If you can speak what you will never hear, if you can write what you will never read, you have done rare things.
~Henry David Thoreau

Monday, June 6, 2011

Two Bits for the Blow-off

I am fascinated by the old traveling carnivals. Filled with all the usual games, rides, and food but with the special bonus of the sideshow. I'm not sure whether seeing my first pickled punk or watching the 1932 movie 'Freaks' sealed the deal but as I dug deeper into the oddities that graced the stage, my interest grew.

Unfortunately the tradition of the sideshow mostly died out. If you happen to find such a show (at least in the US), the 'freaks' usually consist of contortionists, fire-breathers, blockheads, and the occassional geek. I admit that these people are talented and definitely are a rare breed, but they lack the punch-to-the-gut awe that human oddities created upon first sight to the small-town folks who paid to see them.

I have a small, but growing, collection of books and pitch cards consisting of the wild and weird people that displayed themselves for money. Some of these people were basically bought by carnival owners for their unusual looks, but many joined because they couldn't find work anywhere else.  Many of these folks were making hundreds of dollars per week at a time when most people earned an average of $0.22 an hour (in 1910).

I have huge respect for people who can put themselves on display and especially those who turned their disabilites into advantages. There was one such man who always stuck with me- Prince Randian.
Known as The Human Caterpillar or The Human Torso, he was born without arms or legs. Yet he could shave, write, paint, and roll a cigarette. He could even take a match from a matchbox and light the cigarette. He also spoke four languages. Eventually, he married and had five children- a difficult feat for any person but imagine doing it with no arms or legs. Huge props to him :)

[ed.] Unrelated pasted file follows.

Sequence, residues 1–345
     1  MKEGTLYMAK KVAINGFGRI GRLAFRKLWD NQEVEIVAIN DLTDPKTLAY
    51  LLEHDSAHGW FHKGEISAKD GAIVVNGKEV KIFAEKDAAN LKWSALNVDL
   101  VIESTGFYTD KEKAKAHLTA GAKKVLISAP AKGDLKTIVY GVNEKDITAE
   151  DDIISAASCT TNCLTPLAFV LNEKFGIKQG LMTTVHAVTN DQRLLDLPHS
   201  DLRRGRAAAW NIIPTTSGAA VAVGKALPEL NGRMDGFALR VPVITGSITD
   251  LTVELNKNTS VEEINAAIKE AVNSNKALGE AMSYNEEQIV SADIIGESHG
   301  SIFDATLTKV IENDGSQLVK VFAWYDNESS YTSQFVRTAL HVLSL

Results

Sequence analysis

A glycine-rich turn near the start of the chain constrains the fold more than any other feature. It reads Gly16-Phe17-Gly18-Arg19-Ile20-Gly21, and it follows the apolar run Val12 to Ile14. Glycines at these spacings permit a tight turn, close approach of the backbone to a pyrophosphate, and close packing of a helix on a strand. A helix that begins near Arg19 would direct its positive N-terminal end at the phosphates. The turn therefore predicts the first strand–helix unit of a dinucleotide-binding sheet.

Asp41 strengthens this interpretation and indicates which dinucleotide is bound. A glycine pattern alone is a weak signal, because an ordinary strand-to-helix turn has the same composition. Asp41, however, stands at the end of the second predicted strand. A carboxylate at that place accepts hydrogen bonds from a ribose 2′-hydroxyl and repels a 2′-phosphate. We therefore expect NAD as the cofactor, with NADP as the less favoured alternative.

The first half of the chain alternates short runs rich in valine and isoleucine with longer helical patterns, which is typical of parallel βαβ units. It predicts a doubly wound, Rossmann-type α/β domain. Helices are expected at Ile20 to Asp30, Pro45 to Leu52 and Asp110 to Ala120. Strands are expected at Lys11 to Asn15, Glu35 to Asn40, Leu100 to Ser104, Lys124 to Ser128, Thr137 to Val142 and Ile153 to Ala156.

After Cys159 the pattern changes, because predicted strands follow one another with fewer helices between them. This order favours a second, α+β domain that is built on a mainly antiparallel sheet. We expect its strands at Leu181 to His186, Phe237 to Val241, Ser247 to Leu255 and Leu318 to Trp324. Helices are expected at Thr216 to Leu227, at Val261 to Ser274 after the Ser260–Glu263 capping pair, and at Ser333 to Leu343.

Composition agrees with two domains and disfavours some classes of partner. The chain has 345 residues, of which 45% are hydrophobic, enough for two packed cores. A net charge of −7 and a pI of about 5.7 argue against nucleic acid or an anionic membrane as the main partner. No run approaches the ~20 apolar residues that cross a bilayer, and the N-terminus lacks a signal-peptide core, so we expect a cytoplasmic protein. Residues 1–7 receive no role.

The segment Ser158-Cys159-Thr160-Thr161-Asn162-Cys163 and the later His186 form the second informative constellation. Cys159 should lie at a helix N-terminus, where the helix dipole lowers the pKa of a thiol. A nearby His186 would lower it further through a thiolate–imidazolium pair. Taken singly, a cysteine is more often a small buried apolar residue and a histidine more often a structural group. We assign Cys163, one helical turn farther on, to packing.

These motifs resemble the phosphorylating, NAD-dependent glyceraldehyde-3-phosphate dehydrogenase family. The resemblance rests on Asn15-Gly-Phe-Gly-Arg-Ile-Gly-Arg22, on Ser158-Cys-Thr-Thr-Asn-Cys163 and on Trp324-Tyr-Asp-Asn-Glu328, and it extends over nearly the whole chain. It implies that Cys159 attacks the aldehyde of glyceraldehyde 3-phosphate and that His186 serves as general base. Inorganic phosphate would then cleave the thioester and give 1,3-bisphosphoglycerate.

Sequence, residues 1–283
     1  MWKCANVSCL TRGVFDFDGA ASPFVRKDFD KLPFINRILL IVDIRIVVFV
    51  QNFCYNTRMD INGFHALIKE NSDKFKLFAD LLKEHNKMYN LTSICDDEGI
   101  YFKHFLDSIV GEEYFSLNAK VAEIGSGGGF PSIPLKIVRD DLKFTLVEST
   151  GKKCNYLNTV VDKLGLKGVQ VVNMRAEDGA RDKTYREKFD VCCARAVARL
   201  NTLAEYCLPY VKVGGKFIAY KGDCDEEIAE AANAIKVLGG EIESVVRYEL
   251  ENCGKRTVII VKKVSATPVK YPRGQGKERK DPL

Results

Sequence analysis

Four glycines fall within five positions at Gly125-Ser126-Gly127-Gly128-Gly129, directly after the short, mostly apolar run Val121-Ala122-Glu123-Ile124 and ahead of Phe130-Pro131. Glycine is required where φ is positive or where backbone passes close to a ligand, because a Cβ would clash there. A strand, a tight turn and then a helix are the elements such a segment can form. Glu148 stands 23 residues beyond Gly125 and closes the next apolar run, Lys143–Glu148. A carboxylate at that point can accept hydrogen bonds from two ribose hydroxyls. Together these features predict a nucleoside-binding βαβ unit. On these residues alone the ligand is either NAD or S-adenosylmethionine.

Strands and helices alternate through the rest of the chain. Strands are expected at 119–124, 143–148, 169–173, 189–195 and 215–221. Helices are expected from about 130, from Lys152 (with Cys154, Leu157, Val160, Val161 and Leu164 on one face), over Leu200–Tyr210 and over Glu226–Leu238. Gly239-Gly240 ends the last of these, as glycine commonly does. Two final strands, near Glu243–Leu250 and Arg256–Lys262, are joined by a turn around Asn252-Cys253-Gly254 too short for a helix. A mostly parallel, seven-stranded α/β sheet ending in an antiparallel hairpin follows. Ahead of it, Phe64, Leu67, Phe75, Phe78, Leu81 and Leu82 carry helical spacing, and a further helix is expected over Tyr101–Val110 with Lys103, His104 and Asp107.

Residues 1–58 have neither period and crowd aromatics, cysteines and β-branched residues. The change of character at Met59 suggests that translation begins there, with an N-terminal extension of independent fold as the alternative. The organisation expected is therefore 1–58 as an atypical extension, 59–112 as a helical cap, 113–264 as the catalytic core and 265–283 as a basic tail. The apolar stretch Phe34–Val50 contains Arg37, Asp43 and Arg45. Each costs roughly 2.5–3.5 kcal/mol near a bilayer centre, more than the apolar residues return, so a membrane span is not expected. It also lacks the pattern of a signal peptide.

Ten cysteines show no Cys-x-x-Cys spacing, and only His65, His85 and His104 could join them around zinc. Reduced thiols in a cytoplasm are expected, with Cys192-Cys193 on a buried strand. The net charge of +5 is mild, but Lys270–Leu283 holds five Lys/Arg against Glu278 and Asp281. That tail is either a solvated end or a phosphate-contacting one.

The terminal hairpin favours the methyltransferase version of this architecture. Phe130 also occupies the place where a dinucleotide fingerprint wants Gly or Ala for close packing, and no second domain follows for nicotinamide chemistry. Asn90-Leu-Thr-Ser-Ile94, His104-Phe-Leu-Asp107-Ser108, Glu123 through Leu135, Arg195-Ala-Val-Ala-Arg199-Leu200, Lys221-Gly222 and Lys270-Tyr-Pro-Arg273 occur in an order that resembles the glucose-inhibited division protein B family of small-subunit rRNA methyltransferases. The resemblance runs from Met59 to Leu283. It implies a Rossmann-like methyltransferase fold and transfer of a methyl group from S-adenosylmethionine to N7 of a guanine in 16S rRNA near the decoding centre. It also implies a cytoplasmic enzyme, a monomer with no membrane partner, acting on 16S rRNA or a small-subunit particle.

If you want to see Prince Randian in action there are several Youtube clips from his role in 'Freaks' (1932).

Geeks have also been of particular interest to me. I wouldn't mind having a chat with a person who could bite off the head of a live animal, or eat lightbulbs and maggots as if they were candy. I have to wonder how the person came to realize that they have a knack for such a thing.

My favorite site to read about these amazing, inspirational people is http://thehumanmarvels.com/.     J. Tithonus Pednaud has done a wonderful job of creating a site that embraces human differences.

If you just like the old banner art of the traditional sideshow, I would have to recommend 'Freakshow: Sideshow Banner Art'- by Carl Hammer. It not only has vibrant illustrations but also essays about each of the artists.

I could go on for pages about all things carnival, but I think that you would have a better time researching this fading world all on your own.

Like the hoochie-coochie girls say, "Don't forget your two bits for the blow-off."

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